1. Starting Point: Why do Students Get So Engrossed in Games?
Kan Tanaka, a Social Studies teacher at a municipal junior high school in Tokyo, has interests in exploratory learning and PBL and is working to create classes where students take the initiative in their learning. One approach he focuses on in particular is "gaming."
Curious as to why students become so engrossed in games, Mr. Tanaka started to explore what makes games so attractive, in order to obtain some hints on how to get his students just as engrossed in their studies. This led him to the idea of "gamification." Reading publications on this topic, he became aware of the idea that elements of games could be applied to areas other than gaming.
"In a game the goal is clear, and you pursue a PDCA cycle in order to attain it. I thought that if I could incorporate some elements of gaming into my classes in a positive sense, maybe students would be more motivated to learn for themselves."
In his third-year Social Studies class, Mr. Tanaka operated a "money making game." He cut out small pieces of paper to use as money for purchasing shares and doing other things to boost capital. Students were divided into groups of 4-5 students to establish companies, with a total of nine companies competing in a single class. The company having the most funds at the end of the game was declared the winner.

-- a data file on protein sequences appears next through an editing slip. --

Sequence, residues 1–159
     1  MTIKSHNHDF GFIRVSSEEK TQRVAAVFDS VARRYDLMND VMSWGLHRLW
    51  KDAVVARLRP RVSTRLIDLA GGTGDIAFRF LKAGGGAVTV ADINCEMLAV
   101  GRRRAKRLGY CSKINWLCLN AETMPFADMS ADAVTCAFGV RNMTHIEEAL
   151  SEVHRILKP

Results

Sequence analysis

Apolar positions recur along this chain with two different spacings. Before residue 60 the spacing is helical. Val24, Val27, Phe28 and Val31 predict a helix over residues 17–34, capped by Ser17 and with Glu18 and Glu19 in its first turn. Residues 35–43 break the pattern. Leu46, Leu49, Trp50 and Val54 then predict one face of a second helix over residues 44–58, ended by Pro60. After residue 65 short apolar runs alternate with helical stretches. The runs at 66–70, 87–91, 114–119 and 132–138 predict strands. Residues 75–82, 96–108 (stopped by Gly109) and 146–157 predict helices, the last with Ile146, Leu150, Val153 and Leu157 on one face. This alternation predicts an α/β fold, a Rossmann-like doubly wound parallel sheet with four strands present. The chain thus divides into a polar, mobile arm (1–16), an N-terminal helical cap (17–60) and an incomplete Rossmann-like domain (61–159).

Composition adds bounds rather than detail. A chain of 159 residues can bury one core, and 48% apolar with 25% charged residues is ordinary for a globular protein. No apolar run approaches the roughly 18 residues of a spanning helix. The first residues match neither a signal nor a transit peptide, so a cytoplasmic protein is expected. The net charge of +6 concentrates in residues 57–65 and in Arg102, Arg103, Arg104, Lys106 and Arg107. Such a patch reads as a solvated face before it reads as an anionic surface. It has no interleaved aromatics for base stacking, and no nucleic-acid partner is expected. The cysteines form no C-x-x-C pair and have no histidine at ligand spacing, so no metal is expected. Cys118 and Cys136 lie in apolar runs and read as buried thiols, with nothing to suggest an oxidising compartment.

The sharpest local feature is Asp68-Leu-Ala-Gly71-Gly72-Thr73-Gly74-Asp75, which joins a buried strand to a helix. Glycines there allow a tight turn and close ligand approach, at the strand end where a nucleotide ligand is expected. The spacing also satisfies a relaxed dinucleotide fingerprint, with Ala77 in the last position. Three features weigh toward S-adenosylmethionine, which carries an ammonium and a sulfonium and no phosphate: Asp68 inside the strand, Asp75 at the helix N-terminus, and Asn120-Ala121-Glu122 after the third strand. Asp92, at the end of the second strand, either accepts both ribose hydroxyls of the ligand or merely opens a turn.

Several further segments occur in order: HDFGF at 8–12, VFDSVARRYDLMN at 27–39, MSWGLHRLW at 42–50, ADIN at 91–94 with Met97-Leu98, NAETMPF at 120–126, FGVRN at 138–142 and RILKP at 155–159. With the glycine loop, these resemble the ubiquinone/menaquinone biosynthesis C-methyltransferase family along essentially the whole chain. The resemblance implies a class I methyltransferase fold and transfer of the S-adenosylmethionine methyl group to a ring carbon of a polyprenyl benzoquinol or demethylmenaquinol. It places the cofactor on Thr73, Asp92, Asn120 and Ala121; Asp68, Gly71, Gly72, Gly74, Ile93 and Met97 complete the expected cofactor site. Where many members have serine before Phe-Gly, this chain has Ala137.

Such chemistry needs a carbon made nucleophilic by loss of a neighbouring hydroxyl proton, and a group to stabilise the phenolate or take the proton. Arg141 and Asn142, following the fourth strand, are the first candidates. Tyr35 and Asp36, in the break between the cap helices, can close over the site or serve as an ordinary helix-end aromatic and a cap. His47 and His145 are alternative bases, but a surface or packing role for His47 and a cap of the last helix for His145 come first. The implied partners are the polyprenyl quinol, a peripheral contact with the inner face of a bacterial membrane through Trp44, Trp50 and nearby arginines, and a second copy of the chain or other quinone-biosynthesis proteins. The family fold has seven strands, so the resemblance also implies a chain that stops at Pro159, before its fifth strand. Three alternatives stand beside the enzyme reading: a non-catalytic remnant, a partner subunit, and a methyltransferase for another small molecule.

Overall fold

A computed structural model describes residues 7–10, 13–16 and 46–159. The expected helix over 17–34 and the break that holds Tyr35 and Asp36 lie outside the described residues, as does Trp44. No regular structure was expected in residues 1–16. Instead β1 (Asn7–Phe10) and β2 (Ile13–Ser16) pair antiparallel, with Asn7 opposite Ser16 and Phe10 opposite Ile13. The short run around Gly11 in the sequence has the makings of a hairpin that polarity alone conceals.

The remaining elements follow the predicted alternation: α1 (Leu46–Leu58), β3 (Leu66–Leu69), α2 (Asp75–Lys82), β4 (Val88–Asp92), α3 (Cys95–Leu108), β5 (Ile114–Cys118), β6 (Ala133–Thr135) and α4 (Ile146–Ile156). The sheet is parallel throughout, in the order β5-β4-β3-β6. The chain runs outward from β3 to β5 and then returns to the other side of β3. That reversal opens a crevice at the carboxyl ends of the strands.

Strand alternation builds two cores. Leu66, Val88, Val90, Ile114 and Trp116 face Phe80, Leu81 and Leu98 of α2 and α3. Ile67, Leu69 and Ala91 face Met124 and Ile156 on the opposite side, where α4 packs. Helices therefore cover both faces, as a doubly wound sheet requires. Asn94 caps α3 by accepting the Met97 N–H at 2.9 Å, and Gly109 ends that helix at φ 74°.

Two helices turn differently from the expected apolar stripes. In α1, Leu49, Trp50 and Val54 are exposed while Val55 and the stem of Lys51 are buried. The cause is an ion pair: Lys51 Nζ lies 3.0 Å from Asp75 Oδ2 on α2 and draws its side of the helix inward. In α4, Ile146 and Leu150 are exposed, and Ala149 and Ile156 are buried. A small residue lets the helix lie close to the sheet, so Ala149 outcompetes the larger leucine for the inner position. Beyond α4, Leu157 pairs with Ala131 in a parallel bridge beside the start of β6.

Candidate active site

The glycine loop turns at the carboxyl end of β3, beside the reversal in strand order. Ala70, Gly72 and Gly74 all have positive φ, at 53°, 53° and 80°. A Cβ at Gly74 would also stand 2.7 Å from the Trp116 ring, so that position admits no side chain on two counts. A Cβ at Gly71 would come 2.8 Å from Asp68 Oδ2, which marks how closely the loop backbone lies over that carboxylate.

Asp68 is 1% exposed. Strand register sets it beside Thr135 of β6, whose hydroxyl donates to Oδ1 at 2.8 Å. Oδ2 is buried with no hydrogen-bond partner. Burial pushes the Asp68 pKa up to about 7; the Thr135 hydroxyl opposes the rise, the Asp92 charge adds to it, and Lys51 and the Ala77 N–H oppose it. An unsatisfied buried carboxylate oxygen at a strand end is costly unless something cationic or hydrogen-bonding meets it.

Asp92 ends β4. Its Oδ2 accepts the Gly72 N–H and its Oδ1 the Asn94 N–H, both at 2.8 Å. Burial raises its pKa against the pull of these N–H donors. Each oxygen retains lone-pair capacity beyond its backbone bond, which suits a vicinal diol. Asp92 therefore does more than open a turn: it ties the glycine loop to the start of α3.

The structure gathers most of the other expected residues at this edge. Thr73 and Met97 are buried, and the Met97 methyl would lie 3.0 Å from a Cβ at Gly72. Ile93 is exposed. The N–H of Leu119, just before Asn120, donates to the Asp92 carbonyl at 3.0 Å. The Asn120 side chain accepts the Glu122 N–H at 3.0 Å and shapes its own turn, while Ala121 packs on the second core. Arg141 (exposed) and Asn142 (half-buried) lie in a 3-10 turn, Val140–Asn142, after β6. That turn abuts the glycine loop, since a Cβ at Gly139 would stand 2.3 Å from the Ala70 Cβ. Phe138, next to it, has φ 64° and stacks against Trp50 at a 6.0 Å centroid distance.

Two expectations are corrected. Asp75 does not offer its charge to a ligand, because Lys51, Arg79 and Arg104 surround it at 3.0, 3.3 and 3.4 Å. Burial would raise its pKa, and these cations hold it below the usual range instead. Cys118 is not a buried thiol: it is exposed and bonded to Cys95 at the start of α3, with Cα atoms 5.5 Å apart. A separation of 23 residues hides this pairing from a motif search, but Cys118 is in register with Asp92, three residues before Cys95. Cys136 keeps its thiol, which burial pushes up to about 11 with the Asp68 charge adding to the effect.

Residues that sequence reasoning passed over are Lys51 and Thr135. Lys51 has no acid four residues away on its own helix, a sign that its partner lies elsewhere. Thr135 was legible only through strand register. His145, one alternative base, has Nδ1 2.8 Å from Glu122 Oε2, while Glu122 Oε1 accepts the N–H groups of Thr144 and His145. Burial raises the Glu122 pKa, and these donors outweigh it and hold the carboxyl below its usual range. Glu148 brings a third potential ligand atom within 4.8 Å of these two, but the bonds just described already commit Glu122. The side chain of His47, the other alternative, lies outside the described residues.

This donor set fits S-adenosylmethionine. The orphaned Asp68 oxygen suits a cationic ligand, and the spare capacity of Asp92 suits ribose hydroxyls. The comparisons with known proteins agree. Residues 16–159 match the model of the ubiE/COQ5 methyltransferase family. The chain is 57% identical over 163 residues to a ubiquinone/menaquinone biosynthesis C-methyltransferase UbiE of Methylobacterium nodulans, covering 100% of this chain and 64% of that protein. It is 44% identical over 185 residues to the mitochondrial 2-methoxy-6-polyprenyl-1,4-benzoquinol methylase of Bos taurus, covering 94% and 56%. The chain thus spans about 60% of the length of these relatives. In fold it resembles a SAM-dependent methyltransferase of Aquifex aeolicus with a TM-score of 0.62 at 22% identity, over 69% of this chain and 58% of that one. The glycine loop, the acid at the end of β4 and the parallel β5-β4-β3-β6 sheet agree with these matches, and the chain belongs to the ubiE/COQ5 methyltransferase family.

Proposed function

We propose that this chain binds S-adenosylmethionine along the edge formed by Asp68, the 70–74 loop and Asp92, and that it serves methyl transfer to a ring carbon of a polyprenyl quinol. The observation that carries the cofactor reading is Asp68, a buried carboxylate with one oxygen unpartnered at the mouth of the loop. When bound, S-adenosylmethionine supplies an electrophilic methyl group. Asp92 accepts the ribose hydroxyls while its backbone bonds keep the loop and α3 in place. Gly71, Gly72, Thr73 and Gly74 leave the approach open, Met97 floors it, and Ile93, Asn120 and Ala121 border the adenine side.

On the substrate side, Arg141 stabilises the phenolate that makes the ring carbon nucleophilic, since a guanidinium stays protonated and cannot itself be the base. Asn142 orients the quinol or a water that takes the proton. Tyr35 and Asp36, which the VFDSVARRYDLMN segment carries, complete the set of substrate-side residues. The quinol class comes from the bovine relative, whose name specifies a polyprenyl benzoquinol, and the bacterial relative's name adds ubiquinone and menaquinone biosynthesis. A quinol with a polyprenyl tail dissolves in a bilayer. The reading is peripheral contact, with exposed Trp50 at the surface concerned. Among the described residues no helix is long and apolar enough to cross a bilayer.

"I ran this game when we were studying the introductory unit on economics. My aim was to immerse students in the actual experience of earning money, so they would engage with more interest in their learning about economic activities in society."
2. Participants Become Engrossed as They Strive for Victory
Participants in the demonstration class for Learning Space Lab were given the same experience as in Mr. Tanaka's actual class. Mr. Tanaka provided the same level of explanation as he gave his actual students, then the game began. Some of the rules were modified for the demonstration class, as it was held online.
Outline of the online version of the "money making game":
- Participants form companies in groups of four and assign roles within the group: president, secretary, accountant, and ordinary employee.
- The company presidents are each given 1 million yen for start-up capital, and purchase one card from a pack of "job cards" A-H.
- Each company produces information that satisfies the conditions shown on their card, and sells it for 100,000 yen each to generate revenue.
- Using the revenue they have gained, companies can purchase shares in the other three companies. Share prices and dividends vary from company to company, with prices fluctuating every five minutes.
- The time limit for the game is 30 minutes, and the company with the most funds at the end of this time is the winner.
- No loans are permitted.
- Only one person from each company can come to see the teacher (who is in the main meeting room in the case of a Zoom class) for the purpose of buying "job cards."
The class used Breakout Rooms in Zoom. Each company holds internal discussions in its own Breakout Room, and comes to the main room to sell information and trade shares.
*Participants were provided with a guidance sheet explaining the game, to be used as reference.